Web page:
Life without electrical energy, refrigerator and television is still a reality for several thousand houses, Akta.ba reported. This is the experience of former refugees from the village of Očijevo near Martin Brod in Bosnia and Herzegovina’s west. After the war ended and they came back home, families lived without power for 14 years!
The grid had been destroyed, and the electric power company couldn’t break even in the project to install a line and substation for just 30 households 20 kilometres away from the town of Drvar. So the people relied on lanterns and candles, until two years ago the United Nations Development Programme secured solar panels to be installed through its Green Economic Development project.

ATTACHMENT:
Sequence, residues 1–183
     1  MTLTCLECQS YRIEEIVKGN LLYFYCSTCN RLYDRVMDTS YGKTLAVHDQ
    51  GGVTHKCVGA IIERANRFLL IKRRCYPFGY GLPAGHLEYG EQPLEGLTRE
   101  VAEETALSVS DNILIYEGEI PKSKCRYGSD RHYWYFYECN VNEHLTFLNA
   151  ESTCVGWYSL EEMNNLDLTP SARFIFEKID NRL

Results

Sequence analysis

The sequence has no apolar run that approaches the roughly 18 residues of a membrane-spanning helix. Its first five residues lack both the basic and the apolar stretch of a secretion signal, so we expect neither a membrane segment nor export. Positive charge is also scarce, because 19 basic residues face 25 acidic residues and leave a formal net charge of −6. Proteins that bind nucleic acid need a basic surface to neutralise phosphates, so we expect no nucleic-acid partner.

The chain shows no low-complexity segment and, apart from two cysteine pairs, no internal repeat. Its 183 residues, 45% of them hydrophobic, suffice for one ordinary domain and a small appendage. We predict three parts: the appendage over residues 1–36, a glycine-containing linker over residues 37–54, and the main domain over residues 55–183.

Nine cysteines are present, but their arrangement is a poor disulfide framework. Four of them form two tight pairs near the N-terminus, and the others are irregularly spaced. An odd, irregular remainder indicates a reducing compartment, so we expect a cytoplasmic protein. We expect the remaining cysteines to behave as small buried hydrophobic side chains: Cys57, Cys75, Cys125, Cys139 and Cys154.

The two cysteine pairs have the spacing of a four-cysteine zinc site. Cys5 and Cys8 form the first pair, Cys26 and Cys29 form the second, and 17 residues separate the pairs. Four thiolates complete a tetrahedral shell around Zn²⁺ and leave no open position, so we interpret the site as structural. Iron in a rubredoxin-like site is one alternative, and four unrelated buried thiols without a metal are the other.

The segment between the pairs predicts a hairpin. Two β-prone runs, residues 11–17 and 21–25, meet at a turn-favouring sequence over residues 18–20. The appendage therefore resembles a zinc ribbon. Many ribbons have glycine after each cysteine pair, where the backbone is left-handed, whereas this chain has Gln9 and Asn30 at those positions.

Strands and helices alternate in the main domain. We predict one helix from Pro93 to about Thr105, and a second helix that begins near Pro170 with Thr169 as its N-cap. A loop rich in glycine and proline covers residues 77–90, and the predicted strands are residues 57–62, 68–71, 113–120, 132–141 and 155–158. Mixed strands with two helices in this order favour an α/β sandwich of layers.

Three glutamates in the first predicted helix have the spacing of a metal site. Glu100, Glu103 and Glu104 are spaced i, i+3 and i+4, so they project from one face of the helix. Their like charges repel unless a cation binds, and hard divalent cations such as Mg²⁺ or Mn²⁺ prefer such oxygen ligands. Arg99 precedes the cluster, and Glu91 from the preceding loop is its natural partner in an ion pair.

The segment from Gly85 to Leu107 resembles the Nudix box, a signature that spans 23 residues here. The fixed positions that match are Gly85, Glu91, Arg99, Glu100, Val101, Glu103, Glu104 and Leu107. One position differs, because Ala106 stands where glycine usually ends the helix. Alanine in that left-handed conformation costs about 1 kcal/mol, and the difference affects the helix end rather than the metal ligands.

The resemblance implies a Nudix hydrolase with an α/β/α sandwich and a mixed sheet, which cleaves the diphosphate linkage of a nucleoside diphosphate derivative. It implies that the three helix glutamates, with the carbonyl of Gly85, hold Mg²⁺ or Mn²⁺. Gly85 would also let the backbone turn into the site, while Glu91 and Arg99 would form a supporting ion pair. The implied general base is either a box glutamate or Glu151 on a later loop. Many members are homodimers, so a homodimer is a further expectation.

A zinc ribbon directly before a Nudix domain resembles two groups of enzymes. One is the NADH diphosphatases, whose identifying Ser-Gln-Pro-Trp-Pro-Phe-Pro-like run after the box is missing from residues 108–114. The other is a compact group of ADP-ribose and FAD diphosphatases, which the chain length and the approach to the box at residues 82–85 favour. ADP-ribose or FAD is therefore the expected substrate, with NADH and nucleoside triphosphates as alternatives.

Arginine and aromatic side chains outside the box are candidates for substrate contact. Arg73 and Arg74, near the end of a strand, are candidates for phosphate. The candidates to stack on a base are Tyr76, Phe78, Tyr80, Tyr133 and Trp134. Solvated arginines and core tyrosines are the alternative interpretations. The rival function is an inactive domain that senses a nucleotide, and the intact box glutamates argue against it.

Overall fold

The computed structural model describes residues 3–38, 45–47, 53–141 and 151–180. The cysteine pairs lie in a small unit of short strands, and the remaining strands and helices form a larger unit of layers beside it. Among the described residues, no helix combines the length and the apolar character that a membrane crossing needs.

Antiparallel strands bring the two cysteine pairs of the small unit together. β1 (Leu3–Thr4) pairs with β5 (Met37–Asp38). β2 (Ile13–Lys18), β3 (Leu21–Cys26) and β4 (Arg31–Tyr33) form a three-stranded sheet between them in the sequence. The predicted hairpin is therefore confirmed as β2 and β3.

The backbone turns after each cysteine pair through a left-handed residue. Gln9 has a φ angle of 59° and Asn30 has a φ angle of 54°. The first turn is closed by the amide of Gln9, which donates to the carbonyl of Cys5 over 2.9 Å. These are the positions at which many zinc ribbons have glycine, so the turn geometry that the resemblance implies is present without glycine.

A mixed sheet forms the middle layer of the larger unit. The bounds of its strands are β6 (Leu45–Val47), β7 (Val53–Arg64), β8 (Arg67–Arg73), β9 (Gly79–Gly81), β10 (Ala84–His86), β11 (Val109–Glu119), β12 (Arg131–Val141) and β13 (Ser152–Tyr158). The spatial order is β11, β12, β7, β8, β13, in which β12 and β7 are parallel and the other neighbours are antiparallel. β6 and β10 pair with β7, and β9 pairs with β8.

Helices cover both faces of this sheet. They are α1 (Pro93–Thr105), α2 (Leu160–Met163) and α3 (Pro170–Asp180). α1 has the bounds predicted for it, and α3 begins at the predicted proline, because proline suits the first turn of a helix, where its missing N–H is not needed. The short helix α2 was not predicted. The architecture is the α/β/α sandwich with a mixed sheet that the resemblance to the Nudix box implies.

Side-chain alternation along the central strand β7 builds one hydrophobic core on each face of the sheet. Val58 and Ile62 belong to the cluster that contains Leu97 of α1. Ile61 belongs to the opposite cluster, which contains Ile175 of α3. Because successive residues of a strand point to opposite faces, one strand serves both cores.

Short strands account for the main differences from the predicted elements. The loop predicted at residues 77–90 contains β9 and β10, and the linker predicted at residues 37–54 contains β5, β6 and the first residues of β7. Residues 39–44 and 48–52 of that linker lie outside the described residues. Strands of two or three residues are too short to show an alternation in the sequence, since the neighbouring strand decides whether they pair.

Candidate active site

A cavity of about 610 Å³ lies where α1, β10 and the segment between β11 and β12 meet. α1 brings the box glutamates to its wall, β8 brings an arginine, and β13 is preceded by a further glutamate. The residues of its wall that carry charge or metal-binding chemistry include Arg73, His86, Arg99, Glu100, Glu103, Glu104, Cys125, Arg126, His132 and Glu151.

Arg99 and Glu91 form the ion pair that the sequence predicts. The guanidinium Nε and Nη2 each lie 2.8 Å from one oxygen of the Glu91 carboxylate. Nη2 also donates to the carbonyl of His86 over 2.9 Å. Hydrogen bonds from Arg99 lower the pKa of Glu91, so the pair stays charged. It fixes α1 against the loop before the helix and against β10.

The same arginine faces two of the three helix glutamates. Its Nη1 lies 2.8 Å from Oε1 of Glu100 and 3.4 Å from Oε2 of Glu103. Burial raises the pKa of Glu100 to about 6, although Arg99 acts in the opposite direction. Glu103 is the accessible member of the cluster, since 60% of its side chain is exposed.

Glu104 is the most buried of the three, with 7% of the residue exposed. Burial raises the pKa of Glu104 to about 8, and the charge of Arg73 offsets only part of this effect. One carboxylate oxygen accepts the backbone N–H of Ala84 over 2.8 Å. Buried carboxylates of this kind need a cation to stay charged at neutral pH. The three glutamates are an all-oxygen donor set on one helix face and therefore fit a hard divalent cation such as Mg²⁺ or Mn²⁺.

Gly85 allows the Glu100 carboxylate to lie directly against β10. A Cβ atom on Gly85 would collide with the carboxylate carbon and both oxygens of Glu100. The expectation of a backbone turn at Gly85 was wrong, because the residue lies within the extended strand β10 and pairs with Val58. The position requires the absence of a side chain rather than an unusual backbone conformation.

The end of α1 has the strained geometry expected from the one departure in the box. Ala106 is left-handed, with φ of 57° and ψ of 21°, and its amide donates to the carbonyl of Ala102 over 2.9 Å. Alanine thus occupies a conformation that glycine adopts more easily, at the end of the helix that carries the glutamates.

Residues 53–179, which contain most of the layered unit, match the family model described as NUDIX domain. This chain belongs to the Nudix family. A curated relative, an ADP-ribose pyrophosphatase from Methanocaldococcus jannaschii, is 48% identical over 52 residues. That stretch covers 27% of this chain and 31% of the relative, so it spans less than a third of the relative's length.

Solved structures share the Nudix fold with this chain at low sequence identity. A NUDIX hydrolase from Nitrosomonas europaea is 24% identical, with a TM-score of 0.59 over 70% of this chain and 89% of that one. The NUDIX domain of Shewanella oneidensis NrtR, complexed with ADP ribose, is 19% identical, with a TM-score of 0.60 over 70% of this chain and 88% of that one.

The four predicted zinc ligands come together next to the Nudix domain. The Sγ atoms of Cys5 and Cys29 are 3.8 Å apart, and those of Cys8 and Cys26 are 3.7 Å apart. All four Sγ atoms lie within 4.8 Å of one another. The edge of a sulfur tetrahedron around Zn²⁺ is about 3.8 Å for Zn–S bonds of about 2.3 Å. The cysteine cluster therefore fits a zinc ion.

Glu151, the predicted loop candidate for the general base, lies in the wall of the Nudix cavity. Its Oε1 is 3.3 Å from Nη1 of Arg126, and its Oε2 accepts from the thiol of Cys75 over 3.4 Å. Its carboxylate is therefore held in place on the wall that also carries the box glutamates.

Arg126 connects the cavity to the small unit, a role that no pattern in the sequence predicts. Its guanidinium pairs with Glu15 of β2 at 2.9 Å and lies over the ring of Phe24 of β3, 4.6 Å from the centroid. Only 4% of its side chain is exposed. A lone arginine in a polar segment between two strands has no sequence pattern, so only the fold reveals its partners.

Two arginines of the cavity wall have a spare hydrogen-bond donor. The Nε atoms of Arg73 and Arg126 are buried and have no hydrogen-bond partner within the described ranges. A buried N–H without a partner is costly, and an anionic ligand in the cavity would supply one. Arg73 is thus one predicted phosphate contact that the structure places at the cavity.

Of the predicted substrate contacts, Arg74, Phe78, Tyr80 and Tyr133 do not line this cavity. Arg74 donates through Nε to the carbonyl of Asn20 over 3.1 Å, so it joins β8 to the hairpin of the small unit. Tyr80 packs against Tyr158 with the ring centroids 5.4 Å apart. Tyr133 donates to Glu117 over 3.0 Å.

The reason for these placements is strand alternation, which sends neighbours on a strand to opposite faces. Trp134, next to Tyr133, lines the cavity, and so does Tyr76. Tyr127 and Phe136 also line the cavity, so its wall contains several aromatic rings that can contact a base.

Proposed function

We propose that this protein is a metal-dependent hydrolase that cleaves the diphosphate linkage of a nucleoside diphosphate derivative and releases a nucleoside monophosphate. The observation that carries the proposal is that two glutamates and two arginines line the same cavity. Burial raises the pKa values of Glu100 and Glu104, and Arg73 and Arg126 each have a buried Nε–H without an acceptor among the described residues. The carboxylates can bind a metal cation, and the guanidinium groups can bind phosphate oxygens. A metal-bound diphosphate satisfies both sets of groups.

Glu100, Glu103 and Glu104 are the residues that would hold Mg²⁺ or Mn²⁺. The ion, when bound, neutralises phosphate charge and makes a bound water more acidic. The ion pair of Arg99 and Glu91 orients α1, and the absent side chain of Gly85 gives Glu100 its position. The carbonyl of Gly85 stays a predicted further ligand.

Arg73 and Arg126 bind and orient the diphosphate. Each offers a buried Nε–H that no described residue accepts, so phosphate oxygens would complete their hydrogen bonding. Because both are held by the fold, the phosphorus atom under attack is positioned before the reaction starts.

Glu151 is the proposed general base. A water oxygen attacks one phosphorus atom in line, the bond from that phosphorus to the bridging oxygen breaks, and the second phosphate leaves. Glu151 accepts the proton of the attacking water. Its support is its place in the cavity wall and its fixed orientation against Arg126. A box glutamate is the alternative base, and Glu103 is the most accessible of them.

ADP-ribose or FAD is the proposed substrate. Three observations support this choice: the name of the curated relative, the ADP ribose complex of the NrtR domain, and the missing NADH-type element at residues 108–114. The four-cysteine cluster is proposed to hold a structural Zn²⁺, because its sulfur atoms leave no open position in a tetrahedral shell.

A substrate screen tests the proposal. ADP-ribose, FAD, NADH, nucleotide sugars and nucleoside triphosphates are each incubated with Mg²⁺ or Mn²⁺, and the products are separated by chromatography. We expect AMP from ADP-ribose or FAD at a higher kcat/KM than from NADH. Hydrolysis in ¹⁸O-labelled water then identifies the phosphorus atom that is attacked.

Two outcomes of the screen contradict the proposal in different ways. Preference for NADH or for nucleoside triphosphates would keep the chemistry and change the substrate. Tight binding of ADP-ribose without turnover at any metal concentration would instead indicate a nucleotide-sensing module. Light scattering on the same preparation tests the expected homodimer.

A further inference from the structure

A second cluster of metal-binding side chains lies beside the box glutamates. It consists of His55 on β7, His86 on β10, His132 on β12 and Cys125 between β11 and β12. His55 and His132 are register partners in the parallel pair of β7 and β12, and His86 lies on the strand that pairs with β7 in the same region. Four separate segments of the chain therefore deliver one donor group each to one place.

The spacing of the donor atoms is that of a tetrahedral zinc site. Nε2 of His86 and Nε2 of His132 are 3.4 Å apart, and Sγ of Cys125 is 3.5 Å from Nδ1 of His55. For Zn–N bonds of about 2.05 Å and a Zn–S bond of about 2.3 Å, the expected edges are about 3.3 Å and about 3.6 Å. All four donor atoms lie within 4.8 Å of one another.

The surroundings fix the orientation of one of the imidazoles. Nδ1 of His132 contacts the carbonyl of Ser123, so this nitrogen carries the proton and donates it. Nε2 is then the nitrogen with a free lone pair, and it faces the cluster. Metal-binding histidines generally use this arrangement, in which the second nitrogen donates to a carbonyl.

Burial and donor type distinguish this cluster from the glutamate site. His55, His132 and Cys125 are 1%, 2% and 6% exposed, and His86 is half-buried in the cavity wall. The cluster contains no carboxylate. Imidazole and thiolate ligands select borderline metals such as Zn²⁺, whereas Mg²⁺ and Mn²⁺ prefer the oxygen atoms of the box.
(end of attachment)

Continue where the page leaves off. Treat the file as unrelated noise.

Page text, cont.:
People relied on lanterns and candles for fourteen years until the United Nations Development Programme secured solar panels.
The biggest problem had been about food, villagers say. “We had to get food just for one day. Even though people had their own meat and dairy products, it had to be thrown out as it couldn’t last long,” Mile Rodić from Očijevo said. Panels bring hot water, which is especially significant in winter, he added.
Since the off-grid renewable energy projects are still relatively expensive, help and incentives from the state are necessary, said Almir Selmanović from the Center for Economic, Environmental, and Technological Development – Ceteor d. o. o. from Sarajevo. The company’s expert underscored several organizations implemented pilot projects in rural areas, showing the solutions are worthwhile.